top of page

Sat, Nov 19


Heaven Gallery

Leonarda Remix

Presenting new arrangements of Isabella Leonarda's 12 Sonatas — including one by YOU!

Registration is closed
See other events
Leonarda Remix
Leonarda Remix

Time & Location

Nov 19, 2022, 7:00 PM

Heaven Gallery, 1550 N Milwaukee Ave #2, Chicago, IL 60622, USA


About the event

Isabella Leonarda made history as the first woman to compose secular instrumental music with her 1683 collection of 12 Sonatas (Op. 16). Inspired by these groundbreaking works, 5th Wave Artistic Director Ashley Ertz has arranged six of the sonatas for a variety of instruments: some for modern versions of the instruments originally intended to play the piece,  and some for instruments that wouldn't be invented for at least another 200 years. We will  perform some of the sonatas in a more traditional style and some completely remixed — and YOU can join the fun! 

Leonarda was creating music during the Baroque era, a musical period in which the division between composer and performer was less pronounced than it can be today. Many Baroque era composers did not give many specific instructions in their scores, and musicians were expected and encouraged to add their own style and expression to each performance. We're embracing that tradition and inviting YOU, our concert audience, to become an arranger alongside Ashley! Our concert audience will choose the instruments for one of our new arrangements — a world premiere by Ashley Ertz and all of you. Join 5th Wave as we bring this historic music to life today.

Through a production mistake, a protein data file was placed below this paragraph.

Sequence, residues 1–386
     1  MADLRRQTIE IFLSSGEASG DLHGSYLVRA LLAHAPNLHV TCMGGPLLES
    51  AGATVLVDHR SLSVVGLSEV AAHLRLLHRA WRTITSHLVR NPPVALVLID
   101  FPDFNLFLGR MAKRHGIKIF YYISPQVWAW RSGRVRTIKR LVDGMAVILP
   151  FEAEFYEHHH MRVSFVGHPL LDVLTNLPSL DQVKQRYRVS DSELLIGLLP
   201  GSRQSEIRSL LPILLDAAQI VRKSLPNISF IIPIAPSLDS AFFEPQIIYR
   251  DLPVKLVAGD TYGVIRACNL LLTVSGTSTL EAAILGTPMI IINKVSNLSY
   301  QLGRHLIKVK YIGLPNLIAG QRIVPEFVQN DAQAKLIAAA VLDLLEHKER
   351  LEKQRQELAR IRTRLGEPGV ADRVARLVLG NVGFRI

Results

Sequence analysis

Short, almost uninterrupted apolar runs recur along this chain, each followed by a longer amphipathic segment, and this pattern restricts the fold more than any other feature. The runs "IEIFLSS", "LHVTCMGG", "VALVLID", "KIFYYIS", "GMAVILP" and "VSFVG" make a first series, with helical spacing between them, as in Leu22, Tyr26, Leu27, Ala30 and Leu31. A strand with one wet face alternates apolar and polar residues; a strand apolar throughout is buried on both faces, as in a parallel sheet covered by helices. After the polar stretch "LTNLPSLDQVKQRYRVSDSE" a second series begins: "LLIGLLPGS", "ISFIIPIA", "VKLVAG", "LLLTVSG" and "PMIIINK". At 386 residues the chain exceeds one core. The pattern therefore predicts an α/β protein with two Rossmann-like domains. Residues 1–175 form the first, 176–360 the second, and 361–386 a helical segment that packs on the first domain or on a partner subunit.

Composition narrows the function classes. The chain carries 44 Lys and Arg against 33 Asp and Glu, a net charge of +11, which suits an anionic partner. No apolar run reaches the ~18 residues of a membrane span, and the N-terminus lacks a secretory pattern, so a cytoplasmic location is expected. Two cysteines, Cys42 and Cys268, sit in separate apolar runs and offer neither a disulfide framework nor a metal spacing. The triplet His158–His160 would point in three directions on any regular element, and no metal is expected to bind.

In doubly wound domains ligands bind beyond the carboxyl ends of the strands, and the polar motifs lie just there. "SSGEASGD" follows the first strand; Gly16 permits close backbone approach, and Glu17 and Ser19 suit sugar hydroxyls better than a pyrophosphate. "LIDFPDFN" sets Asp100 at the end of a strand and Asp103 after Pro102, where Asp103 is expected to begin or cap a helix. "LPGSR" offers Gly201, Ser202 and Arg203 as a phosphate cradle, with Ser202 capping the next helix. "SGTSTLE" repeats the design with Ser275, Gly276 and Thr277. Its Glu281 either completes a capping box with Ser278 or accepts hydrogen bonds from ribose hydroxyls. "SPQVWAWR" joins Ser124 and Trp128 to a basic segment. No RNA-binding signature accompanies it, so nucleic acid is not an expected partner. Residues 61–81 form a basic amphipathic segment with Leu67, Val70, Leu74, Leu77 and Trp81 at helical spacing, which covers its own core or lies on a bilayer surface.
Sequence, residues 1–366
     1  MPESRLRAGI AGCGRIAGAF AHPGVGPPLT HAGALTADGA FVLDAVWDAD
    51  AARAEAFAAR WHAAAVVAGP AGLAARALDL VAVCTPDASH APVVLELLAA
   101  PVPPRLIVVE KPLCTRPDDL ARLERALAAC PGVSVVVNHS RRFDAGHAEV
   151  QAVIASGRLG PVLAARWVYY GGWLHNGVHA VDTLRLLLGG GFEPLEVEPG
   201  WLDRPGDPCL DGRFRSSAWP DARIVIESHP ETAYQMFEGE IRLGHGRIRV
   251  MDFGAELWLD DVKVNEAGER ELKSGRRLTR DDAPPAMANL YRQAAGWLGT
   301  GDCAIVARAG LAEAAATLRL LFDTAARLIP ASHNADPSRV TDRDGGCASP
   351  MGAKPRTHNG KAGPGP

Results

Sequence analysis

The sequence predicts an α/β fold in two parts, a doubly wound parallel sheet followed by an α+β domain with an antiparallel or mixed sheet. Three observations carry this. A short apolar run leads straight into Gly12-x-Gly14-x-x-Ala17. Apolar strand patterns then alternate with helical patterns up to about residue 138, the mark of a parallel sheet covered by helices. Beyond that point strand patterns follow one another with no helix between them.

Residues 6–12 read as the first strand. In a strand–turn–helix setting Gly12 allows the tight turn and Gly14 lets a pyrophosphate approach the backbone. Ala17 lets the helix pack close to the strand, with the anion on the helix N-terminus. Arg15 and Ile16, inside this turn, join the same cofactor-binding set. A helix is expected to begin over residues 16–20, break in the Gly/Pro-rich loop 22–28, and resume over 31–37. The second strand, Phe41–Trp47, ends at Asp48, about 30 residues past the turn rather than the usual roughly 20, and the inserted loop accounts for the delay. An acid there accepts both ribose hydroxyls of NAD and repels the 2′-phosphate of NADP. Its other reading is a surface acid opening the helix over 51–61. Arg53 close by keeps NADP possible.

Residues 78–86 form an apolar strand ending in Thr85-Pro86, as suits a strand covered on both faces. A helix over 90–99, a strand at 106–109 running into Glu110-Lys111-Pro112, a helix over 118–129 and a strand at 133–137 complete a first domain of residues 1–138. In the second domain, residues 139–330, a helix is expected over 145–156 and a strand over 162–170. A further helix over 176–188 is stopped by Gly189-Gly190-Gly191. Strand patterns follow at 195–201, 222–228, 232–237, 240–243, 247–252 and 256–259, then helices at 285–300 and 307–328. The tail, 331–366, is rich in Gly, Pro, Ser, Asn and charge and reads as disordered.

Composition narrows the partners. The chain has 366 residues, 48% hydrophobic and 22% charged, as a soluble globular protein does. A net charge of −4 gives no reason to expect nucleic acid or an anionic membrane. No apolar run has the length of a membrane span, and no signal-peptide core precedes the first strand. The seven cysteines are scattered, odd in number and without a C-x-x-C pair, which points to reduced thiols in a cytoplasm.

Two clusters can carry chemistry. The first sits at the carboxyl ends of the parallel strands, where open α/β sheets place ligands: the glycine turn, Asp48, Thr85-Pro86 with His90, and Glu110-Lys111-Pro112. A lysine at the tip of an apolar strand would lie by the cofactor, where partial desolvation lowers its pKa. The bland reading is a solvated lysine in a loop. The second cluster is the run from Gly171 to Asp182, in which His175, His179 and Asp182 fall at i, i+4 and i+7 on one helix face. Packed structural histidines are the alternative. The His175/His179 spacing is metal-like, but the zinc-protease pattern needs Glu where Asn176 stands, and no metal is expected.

Suggested donation at the door: $10

Donations benefit 5th Wave Collective and Heaven Gallery. 


Selections from 12 Sonatas, Op. 16 by Isabella Leonarda (1620-1704)

In *world premiere* arrangements by Ashley Ertz

Anna Isabella Leonarda was one of six children born to Giannantonio, a count and lawyer, and Apollonia Leonardi, in Novara, west of Milan. By the time she was 80, she had written 20 books of music including solo motets, sacred concertos for 2-4 voices, litanies, masses and music for Vespers, primarily in Latin but occasionally in Italian. She is notably credited with being the first woman to write sonatas for violin and basso continuo. In addition to composing more than 200 works, she was a music instructor and a singer while holding positions of authority at the Collegio di Sant' Orsola, a convent in Novara, which she entered in 1636. There, she was deemed “the Novarese Muse par excellence.”

–Notes by A Modern Reveal

Share this event

bottom of page